Anyone who takes more than 4,000 gallons of water per day from a river or stream needs to obtain a licence from the Environment Agency.
Why is Hydropower not Exempt
Although hydropower offers many environmental benefits, it can also have serious negative effects if care is not taken. Oils and greases used in maintenance of a hydropower generator could pollute the water, the movements of fish can be limited and they and other life can be killed by turbines. Finally, hydropower systems can affect land drainage and potentially increase the risk of flooding.
What is an Abstraction Licence
An Abstraction Licence gives the holder the right to take a fixed amount of water daily from a particular inland or underground water source for a time-limited period (usually 12 years).
After 12 years the licencee must reapply proving that they still need the water, that the water taken has been used efficiently, and that there have not been negative effects to the environment caused by the abstraction.
Abstraction Licence Costs
When applying for an abstraction licence an application charge of £135 (at time of writing) is payable together with any private consultancy fees, statutory advertising, and other costs incurred by the Environment Agency in processing the application.
There is also a subsistence charge payable on 1st April each year which depends on a number of factors: the volume of water to be taken, the source of the water, the season in which it is taken, the loss (a measure of how much water is wasted), and the UK region.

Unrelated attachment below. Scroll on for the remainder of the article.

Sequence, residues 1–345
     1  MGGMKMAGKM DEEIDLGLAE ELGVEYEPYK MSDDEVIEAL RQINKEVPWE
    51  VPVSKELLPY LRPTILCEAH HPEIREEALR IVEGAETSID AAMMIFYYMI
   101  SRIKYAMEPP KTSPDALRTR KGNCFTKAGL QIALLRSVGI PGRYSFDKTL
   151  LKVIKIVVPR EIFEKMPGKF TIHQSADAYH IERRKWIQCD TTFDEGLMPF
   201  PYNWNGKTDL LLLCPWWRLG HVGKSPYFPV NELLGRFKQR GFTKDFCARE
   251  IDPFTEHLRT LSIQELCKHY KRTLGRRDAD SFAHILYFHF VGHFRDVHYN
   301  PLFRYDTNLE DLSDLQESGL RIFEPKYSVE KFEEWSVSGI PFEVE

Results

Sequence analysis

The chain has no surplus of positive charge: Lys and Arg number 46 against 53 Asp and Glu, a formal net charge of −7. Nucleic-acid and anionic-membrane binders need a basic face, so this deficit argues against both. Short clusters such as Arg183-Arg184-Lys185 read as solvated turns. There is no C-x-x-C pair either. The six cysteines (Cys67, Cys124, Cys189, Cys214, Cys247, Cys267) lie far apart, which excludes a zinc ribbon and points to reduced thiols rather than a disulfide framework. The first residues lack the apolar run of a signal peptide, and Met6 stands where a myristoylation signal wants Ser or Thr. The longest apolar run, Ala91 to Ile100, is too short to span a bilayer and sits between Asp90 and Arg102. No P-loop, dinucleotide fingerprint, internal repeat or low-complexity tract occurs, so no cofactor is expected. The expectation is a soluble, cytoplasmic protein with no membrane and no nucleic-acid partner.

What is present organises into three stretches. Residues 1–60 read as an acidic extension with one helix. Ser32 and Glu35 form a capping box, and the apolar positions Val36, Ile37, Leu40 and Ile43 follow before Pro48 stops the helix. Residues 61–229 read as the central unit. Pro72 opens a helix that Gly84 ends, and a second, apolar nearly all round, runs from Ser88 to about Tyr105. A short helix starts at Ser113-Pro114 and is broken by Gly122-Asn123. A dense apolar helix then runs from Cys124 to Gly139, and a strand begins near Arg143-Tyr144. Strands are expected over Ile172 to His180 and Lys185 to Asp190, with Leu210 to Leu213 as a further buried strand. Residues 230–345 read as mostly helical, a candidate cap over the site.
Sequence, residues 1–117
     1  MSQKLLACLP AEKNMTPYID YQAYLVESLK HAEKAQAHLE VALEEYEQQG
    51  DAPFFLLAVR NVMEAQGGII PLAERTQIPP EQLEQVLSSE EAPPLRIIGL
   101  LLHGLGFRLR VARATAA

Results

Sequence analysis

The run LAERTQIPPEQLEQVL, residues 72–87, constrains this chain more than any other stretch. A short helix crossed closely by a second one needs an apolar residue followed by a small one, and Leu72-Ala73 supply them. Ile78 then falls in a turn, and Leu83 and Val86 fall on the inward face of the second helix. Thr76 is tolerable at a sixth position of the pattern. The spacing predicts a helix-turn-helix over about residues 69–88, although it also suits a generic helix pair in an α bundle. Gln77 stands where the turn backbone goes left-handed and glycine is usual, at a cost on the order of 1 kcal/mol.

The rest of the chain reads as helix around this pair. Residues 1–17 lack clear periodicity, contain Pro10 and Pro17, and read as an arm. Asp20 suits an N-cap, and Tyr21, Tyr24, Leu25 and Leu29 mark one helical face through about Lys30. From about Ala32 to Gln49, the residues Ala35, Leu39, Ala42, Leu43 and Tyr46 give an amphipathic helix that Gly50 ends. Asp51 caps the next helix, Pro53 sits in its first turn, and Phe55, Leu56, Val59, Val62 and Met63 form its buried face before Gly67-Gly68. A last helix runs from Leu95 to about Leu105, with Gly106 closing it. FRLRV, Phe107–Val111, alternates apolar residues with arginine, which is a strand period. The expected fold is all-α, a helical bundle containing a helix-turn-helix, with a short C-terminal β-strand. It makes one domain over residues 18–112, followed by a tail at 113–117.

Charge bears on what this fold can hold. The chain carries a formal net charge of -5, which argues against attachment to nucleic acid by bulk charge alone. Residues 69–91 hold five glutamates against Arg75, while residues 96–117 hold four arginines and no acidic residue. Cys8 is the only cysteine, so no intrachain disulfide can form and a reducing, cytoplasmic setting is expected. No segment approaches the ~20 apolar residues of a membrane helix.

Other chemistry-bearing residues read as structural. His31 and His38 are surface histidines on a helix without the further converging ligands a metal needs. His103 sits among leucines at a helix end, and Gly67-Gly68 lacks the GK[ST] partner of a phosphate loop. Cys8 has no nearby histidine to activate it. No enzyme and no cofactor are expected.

Calculating Annual Abstraction Licence Costs
|= SUC x Volume x Source x Season x Loss|
Each UK region is given a Standard Unit Charge – from £24.86 per 1,000 cubic metres (*) of water per year for Northumbria, down to just £10.71 per 1,000 cubic meters per year for Yorkshire.
(*) 1,000 cubic metres of water is equivalent to just under 220,000 gallons.
The amount of water licenced to be abstracted each year (measured in units of 1,000 cubic metres).
The Source Factor is determined by the origin of the water – for example, 0.2 for tidal water, 1.0 for groundwater.
Water is far more scarce in the summer than in the winter, therefore the Season Factor for summer (1.6) is ten times that for winter (0.16). If water is to be taken all year, the season factor is 1.0.
The Loss Factor is used to take into account how much water is lost because it was abstracted – for example, crop spraying leads to heavy losses, but large scale hydropower plants lead to minimal losses. Hence the loss factor for 5MW+ hydropower plants is just 0.003 compared to 1.0 for crop spraying. Abstraction for domestic size hydropower generation is considered to be low loss and so has a loss factor of 0.03.
These costs are all explained in far greater detail in the Environment Agency Scheme of Abstraction Charges (PDF) document which can be viewed here.
The Environment Agency provide a selection of Abstraction Licence guides. The main one is Abstracting Water – A Guide to Getting Your Licence (1MB PDF) which is not a bad introduction.
Of more use is: Hydropower – A Handbook for Agency Staff (326KB MS Word Doc) – a guide prepared to advise Environment Agency staff considering hydropower proposals.
If you would like to contact the Environment Agency directly to ask about a planned hydropower system you can email firstname.lastname@example.org or call 08705 506506.
If the complexity and cost of going through this process for a one-off single hydropower project is daunting, there are experts out there who can do all the work for you as a comprehensive service. Try Hydro Generation a division of Segen Ltd and (at the time of writing) the only UK company to have full accreditation under the Low Carbon Buildings Programme for micro-hydro installations.